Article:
Pharmaceutical company Merck Eprova AG has announced that Metafolin, its new patented form of folate, has been approved as a safe alternative to folic acid for use in dietary supplements, foods for special dietary uses and other foods by the Joint FAO/WHO Expert Committee on Food Additives (JECFA).


Metafolin (the calcium salt of L-5-methyltetrahydrofolic acid or, for short, L-methylfolate) belongs to the group of folate vitamins (Vitamin B9, Folacin) which the human body must obtain from dietary sources.


At present, folic acid is typically used in dietary supplements and vitamin-enriched foods as a source of folate. However, not being a natural form of folate, folic acid must first be assimilated by the human body before it can exert its vitamin function. In contrast, Merck Eprova AG’s Metafolin can directly be used by the body without further metabolic transformation.


JECFA concluded at its latest meeting in Geneva on 13 July 2005, that there are no safety concerns with the proposed use of dry crystalline or microencapsulated Metafolin in dietary supplements and vitamin enriched foods.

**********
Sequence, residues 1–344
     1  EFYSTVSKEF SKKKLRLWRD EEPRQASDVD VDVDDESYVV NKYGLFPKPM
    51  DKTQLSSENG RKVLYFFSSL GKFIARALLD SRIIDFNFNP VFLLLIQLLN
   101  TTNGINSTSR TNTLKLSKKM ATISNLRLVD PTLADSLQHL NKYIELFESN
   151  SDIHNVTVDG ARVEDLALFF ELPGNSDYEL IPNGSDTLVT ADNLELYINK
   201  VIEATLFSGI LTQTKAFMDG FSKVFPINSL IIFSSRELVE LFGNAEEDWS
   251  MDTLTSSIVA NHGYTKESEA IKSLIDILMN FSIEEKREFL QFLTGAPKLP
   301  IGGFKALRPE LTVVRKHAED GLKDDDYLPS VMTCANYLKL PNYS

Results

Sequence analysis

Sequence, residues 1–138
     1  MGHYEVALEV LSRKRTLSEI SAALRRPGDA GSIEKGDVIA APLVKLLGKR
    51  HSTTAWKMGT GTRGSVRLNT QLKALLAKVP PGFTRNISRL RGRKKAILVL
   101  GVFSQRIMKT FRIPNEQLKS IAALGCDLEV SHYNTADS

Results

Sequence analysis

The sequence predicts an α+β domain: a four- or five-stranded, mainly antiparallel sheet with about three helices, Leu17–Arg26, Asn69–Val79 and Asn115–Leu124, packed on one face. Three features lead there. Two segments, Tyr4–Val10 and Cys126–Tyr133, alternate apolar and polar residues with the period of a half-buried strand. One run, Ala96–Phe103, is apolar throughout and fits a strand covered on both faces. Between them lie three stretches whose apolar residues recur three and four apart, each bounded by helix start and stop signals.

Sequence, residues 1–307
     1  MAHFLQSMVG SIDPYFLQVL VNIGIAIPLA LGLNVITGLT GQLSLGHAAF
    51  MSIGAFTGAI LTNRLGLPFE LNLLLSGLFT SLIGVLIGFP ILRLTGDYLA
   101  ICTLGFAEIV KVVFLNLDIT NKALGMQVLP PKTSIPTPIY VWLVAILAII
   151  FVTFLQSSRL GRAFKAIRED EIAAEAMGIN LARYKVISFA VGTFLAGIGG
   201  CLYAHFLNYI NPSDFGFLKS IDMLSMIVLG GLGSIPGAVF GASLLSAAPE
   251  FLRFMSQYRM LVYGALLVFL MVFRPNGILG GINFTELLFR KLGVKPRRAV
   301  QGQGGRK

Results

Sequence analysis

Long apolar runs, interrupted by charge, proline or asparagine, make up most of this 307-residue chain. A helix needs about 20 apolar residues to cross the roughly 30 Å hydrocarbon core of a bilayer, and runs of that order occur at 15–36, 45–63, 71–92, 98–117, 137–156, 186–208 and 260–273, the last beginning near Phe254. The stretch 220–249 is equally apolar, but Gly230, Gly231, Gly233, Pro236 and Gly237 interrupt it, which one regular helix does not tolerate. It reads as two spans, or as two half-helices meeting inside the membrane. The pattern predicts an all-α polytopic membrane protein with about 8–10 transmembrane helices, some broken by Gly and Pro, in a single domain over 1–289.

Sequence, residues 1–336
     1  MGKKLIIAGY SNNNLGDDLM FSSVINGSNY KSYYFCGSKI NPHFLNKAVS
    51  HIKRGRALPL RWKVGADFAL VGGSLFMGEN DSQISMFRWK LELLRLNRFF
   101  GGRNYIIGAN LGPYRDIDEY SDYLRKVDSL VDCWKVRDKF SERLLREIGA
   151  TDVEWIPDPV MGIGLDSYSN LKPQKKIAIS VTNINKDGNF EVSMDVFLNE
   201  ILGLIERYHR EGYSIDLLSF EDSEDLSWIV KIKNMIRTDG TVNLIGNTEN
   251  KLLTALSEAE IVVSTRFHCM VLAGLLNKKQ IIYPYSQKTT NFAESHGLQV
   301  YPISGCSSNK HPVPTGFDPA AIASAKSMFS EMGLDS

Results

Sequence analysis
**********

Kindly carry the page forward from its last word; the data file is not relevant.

The JECFA approval of Metafolin comes after the US Food and Drug Administration notification in 2001 and the positive evaluation by European Food Safety Authority in October 2004. A positive evaluation by JECFA is an important first step for securing further approvals in many other countries around the World.


According to Martin Ulmann, general manager of Merck Eprova, the JECFA report opens the door to making Metafolin a global product. “Metafolin is a product of several years of careful research,” he said. “We are delighted that we will soon be able to offer the benefits of Metafolin to customers around the world. Now more consumers will have access to the natural form of this essential nutrient which is important for maintaining good health.” 


“Food is the major dietary source for folates,” said Dr Rudolf Moser, scientific director of Merck Eprova. But the folate intake with food of a large part of the population was well below the recommended dietary allowance. “An insufficient intake of folates is associated with an increased risk for many disorders including anaemia, neural tube defects, various forms of cardiovascular diseases, Alzheimer’s disease, colon cancer and depression,” he said.


Metafolin has been used in a wide range of dietary supplements and medical foods in the US since 2001. Merck Eprova is preparing to launch of the ingredient into EU markets during 2005.  “Metafolin is body-ready and is the only folate able to cross the blood brain barrier,” said Roger Weibel, product manager of Merck Eprova. “Given a choice, we believe many health-conscious consumers will choose Metafolin as the preferred source of folate.”